Houweling believes the shelter is making a difference, not just to the homeless, but to the church as well.

Gord Houweling, who had a cup of coffee thrown in his face the morning after his first night volunteering at the shelter, shares a similar sentiment.  “It is easy to preach ‘turn the other cheek’ but it is difficult to practice when there is absolutely nothing in it for you.”

But Houweling believes the shelter is making a difference, not just to the homeless, but to the church as well, explaining that his own view of the homeless was challenged when he realized he knew the family of one of the guests. “How can this ministry do anything but impact our congregation? Has it changed how we view the marginalized? I would say yes in that at the very least members are talking about it. For those members who have a difficult time accepting this ministry, it is because God is working to help them process how they feel about the marginalized.”

Church members Heather and Aubrey Postma decided to volunteer because they struggled with the hopelessness and frustration of knowing how to help with the enormous problem of homelessness. Both agree that it has been very eye-opening and has changed the way they understand and care about the people living in the homeless camps in their city.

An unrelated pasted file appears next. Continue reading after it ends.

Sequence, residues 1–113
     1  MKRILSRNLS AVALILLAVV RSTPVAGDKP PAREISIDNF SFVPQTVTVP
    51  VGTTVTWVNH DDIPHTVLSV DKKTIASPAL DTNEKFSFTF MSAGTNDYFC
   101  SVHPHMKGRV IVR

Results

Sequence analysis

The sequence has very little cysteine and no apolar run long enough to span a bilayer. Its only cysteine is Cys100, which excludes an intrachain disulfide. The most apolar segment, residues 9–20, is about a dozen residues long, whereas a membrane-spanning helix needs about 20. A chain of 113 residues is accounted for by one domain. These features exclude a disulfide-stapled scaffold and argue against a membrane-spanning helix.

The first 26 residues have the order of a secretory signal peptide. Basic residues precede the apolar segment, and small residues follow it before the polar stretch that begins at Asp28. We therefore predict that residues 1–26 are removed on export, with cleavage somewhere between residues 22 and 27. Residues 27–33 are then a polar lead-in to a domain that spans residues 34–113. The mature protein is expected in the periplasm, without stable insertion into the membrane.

As individuals we aren’t asked to solve all the problems, but we are called to do something to answer the Biblical call to care for the poor and needy.

“As individuals we aren’t asked to solve all the problems, but we are called to do something,” Heather shared, adding that she doesn’t see how anyone could argue against the Biblical call to care for the poor and needy in this way. “Hosting the shelter so that one person stays dry for one night and gets one good night’s sleep is reason enough to participate.”

A BIG thanks to Mrs. Monica Kronemeyer deRegt for writing this 3-part story for Diaconal Ministries Canada.

Monica is a freelance writer and Academic Counselor at Abbotsford Christian School. She lives in Chilliwack, BC, with her husband and three children.


Moving Forward